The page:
Stephenville, TX – Long known as the county without a lake, Erath County will soon have something to offer fishermen and boaters alike. City worker Miles Long shared details of the plan with the Brownwood Examiner Wednesday morning. “The City of Stephenville has issued bonds to build Lake Flaccid just north of the city.” The south shores of the lake will reside approximately five miles north of the town. “The city of Stephenville will rest just below the tip of the shaft of the lake,” Long said.
Lake Flaccid will offer recreational activities and will also serve as a water source for the county. Currently, most of the county receives its water from the Trinity Sands aquifer. The lake will be formed by damming the North Bosque River. Research of the water quality, performed by the Daniel Baker University Stephenville Campus, has shown that the water in the North Bosque River will better absorb dianabol and other androgenic steroids as compared with water from the Trinity Sands Aquifer, something that appeals to the majority of sports enthusiasts in the area.
Mr. Long explained that Lake Flaccid will be built on land donated by local farmer Hugh G Rection. “We needed to find somewhere on the North Bosque River, but we had a hard time locating the exact piece of land until a few months ago when we went out to visit with Mr. Rection.” The land was well suited for a lake, “Mr Rection’s land is in a low spot, a valley if you will.”
A water improvement district is expected to be formed in order to control planned and unplanned discharges from Lake Flaccid, with veteran hydrologist Bo “Willy” Peters of Granbury expected to stroke the desires of others in the area so a full exploratory study can be mounted.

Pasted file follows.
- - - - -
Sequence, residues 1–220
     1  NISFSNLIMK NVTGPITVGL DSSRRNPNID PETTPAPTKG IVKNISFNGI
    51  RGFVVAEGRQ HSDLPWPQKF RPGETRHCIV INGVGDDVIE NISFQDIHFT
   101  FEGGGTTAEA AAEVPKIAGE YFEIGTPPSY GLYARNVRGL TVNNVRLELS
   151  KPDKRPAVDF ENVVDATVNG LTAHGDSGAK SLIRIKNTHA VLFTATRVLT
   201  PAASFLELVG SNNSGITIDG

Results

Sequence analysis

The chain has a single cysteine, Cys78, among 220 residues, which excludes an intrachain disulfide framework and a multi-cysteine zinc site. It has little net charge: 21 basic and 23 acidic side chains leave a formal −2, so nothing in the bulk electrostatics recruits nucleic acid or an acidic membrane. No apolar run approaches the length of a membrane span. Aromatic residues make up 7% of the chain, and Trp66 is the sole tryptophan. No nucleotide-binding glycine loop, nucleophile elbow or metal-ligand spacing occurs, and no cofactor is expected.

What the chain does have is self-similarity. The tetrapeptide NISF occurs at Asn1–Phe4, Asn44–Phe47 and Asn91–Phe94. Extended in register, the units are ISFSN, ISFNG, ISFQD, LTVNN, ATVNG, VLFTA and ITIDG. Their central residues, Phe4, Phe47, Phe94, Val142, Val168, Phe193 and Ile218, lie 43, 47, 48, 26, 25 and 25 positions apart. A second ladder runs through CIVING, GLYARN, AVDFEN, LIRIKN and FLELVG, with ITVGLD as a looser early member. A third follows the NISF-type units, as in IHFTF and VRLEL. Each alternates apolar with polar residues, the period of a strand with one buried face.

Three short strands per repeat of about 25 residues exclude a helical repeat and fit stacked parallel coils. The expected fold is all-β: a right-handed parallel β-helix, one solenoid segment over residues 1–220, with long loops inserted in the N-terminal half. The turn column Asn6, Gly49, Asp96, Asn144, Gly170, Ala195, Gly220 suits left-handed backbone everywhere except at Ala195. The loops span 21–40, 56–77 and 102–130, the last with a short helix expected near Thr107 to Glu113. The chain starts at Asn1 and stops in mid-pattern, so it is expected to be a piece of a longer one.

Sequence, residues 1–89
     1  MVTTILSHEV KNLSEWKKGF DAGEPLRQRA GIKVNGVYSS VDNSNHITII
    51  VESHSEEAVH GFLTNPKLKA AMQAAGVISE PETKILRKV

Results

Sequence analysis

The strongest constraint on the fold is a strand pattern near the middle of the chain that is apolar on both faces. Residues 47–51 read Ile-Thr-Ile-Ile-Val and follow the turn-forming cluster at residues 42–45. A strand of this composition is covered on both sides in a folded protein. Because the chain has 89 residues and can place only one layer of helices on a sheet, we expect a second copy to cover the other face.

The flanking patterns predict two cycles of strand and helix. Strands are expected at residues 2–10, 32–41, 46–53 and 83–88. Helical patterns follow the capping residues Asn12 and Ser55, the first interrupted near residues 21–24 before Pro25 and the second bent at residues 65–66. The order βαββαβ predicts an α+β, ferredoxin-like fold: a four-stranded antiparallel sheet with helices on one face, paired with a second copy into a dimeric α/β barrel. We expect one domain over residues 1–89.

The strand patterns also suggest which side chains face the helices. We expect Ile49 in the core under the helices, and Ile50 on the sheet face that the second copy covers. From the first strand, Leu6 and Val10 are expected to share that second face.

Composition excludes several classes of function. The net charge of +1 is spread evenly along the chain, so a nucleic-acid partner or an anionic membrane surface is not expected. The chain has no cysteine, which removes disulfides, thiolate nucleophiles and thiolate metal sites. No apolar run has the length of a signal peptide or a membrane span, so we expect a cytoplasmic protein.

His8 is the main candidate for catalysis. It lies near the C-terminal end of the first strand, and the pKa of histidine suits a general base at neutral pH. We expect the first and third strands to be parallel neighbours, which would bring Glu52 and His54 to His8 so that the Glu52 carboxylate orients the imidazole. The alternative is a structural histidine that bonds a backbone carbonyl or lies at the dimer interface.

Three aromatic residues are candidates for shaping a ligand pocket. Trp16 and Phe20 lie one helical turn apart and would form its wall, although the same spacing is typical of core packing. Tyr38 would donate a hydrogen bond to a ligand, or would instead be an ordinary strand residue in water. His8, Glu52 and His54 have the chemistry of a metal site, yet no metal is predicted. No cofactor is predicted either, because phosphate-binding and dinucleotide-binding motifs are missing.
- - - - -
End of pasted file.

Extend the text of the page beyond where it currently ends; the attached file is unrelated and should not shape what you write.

Not everybody is pleased, however. Mitchell Hardeman, who owns waterfront property, claims his lake would be longer and wider in girth than Lake Flaccid, but the city refused to pay his offered price. “They stiffed me! I was asking for $650,000 per acre with an additional $500,000 coming in spurts over the next 5 years. I know my spot would have made a better lake, even if the water kind of smells like bleach.”
Edna Jefferson isn’t quite in favor of the lake either. Jefferson, who works as a county extension agent in nearby Hood county feels that the all male staff poses a problem in the 21st century. “Search and rescue operations, though rare, are very important.. and I know for a fact my ex husband could never find the man in the boat!”
Stephenville resident Anita Bohn is fearful of the possible impact of flooding being downstream of Lake Flaccid. “What if the lake actually gets up and comes over the spillway. All our belongings could get wet.” Ms. Bohn’s fears should be relieved by the construction of flood gates that will allow for controlled discharges during floods. Long explained, “No one wants to see an accident happen, we’ll keep the flood gates well lubricated so that they’re ready to go when the moment arises.” The dam will be a concrete structure, as an Earthen dam was not possible in this given location explained Long, “it has to be hard cement because of the prolific amount of peccaries in that part of Erath county.”
A pipe is planned to be constructed that will connect Lake Flaccid with Lake Proctor, pending approval from the Upper Leon River Water District. The pipe will allow for the transfer of water between the lakes, and is expected to be problem free for 50+ years. Once the pipeline reaches the age of 50, annual inspections will be required to make sure it is in optimal health.
The construction of the lake promises to be a long and hard process. Dr. I. M. Hung, professor of Environmental Studies at Daniel Baker-Stephenville told the Examiner that studies over flooding and drought tolerance, as well as how the lake performs through various climacteric situations must still be studied. “The climax of the study will determine whether the lake will be able to keep the pipes wet in Stephenville during periods of prolonged periods of dryness (drought).”